Many community groups on the Gold Coast have been active during its population increase, change in the physical and human environments and the development of waterways, high-rise buildings and tourist facilities.

  • Many community groups, including those involved in ‘green’ movements and preservation, have opposed change; they have agitated for slower development and preservation of much more of the physical environment.
  • Other community groups have advocated more rapid development. Much of the business community and other individuals want a large urban development and the opportunities it brings for employment, education and lifestyle improvement.



schoolies.png
Each year, in November and December, around 25 000 Year 12 school leavers from all around Australia arrive on the Gold Coast for Schoolies. Many volunteers from the local community offer support, patrolling beaches and streets to ensure the safety of those celebrating the end of their secondary schooling.


population.png
Changes in estimated resident population, Gold Coast Source: Australian Bureau of Statistics.







Activities

1. Identify the shared space of the Gold Coast community.
2. How did the Yugambeh people live in harmony with the natural environment?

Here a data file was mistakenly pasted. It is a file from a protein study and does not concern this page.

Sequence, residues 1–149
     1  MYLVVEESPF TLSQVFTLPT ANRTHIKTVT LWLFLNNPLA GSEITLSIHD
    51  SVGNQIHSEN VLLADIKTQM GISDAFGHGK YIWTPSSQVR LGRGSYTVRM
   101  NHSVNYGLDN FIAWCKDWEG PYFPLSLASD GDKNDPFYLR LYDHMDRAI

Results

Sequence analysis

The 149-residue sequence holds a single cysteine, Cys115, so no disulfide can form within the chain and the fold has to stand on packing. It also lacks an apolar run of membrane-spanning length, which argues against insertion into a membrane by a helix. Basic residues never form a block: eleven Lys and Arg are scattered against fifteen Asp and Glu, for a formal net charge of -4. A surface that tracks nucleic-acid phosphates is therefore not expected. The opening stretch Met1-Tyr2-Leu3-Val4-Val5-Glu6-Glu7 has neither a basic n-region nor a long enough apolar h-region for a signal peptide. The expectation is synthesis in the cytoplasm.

3. Outline how the European settlers changed the natural environment.
4. Describe the factors causing change in the Gold Coast community after 1950.
5.
o a Outline the impacts of change on the Gold Coast community.
o b Select one of these impacts and describe how the impact changed the Gold Coast community.
6. Outline how the three levels of government have responded to change in the Gold Coast community.
7. What do you understand by the term lifestyle expectations? Outline the lifestyle expectations of the community in the area in which you live.
8. Discuss the advantages and disadvantages of high-rise buildings in residential areas.
9. Refer to the two photographs of Coolangatta Beach in Section 6.2.
o a Describe the scene in the 1950s photograph and in the 2004 photograph.
o b What are the main differences between the two photographs? Account for these differences.
10. Refer to the table showing ‘Net migration to the Gold Coast, 2001 to 2006’. From which state was the largest migration to the Gold Coast? Suggest reasons for this.
11. Refer to the bar graph showing ‘Top 10 countries of birth of residents of the Gold Coast and south-east Queensland, 2006’.
o a Name the three countries of birth that contributed most to the population of the Gold Coast in 2006.
o b Suggest reasons why a greater percentage of people on the Gold Coast than in south-east Queensland were born overseas.
12. Refer to the graph of the Change in Resident Population
o a What measurement is shown on the left axis of the graph?
o b What measurement is shown on the right axis of the graph?
o c What measurement is shown on the horizontal axis of the graph?
o d Which year had the smallest change in population?
o e Which year had the lowest percentage change in population?
o f What trend can you see in the change in population?
o g What trend can you see in the percentage change in population?
o h How useful is the graph for showing trends?